Worcestershire Record No. 22 April 2007 p. 10
P. F. Whitehead
An unusual bird song noted at Beckford, Worcestershire (VC33 SO93) on 24 April 2007 proved difficult to identify. The bird was clearly defending territory in a small area of open, young, planted, ash-cherry woodland, with large wide sunny clearings and large scattered clumps of Blackberry Rubus fruticosus s.l..
The song was insistent and strident containing especially strong, voluble, repetitive notes of Song Thrush Turdus ericetorum Turton, 1796, but also deep throaty notes comparable to Nightingale Luscinia megarhynchus Brehm, 1831, more wavering notes reminiscent of Blackbird Turdus merula L., 1758, as well as coarser repetitive notes comparable to those of Sedge Warbler Acrocephalus schoenobaenus (L., 1758), all continuing for long-extended periods of time, usually ending with a more feeble Blackcap-like rendition. The insistency of the performance and extent of the mimicry at times recalled Marsh Warbler Acrocephalus palustris (Bechstein, 1798).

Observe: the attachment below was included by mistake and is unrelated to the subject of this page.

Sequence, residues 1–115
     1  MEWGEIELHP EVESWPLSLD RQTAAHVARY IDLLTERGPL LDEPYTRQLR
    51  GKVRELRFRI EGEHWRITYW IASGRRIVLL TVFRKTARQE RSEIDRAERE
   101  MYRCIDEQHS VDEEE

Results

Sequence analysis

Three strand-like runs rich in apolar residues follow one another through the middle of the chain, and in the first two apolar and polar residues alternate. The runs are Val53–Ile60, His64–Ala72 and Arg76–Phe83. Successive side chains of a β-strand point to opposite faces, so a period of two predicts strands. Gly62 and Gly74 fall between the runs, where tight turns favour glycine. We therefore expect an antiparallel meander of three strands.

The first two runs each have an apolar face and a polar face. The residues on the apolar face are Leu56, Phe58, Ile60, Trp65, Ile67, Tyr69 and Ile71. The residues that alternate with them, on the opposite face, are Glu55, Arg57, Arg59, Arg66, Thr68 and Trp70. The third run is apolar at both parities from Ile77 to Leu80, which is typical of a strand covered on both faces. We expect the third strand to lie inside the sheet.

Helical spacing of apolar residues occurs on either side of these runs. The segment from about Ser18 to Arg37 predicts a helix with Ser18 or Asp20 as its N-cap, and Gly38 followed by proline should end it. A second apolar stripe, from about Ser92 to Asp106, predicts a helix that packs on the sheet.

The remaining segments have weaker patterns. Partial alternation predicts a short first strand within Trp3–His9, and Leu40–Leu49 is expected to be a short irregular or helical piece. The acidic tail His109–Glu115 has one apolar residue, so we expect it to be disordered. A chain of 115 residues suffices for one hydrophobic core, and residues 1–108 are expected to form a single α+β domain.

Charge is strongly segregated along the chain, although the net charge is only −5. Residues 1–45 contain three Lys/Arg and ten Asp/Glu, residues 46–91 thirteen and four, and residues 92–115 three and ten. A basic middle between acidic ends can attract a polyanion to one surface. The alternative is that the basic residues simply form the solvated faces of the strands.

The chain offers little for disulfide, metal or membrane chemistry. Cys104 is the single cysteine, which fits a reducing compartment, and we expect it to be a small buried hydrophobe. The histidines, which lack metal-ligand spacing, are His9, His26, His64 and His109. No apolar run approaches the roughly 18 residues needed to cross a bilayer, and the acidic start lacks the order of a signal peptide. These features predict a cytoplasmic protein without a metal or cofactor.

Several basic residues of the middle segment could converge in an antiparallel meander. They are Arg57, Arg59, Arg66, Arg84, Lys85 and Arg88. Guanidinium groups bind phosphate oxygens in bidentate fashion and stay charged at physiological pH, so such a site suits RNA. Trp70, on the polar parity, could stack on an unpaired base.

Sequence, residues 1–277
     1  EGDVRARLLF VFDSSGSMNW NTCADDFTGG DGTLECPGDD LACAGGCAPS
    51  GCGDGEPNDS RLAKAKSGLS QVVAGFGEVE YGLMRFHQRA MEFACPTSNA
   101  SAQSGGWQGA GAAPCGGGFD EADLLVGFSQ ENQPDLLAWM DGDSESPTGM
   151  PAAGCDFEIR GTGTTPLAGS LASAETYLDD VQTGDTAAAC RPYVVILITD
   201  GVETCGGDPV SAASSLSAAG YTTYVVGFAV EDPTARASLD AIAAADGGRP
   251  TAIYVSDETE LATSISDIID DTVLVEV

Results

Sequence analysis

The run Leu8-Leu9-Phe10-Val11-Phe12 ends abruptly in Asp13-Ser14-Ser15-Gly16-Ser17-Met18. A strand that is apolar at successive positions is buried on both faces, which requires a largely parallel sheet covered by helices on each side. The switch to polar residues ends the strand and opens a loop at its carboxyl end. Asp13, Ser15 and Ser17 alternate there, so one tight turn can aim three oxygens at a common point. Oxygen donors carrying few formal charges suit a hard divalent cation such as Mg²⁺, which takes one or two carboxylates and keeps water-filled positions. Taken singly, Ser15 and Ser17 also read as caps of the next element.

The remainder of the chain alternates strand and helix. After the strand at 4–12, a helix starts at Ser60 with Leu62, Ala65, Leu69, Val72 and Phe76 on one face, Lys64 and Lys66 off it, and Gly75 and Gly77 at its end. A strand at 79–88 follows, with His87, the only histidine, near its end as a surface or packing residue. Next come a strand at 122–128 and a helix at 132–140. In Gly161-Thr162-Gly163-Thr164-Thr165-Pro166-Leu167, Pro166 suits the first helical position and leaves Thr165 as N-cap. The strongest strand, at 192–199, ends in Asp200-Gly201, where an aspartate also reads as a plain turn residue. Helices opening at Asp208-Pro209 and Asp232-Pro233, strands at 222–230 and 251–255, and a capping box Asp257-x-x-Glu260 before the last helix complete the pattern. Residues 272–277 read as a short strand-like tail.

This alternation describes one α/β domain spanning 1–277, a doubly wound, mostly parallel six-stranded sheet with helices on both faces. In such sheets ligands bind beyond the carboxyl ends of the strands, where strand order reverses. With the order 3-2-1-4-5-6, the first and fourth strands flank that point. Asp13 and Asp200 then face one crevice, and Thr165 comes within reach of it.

I had no optical aids to hand and as the bird moved through the crowns of cherry trees with developing foliage it proved difficult to see. Eventually I achieved reasonable proximity to it as it sang from a large Blackberry clump in which it was clearly moving but could not be seen. Sensing where the bird might be in the clump I took numerous photographic images and later examined them at high magnification. One of these showed the head of a bird in enough clarity for it to be identified positively as a male Blackcap.
The normal mellifluous rich fluty cadence of the Blackcap is well-known and readily recognised. There are text references to the Blackcap's ability to produce a mimetic sub-song but a strong consistent performance such as this for hours on end was not something I had previous experience of.
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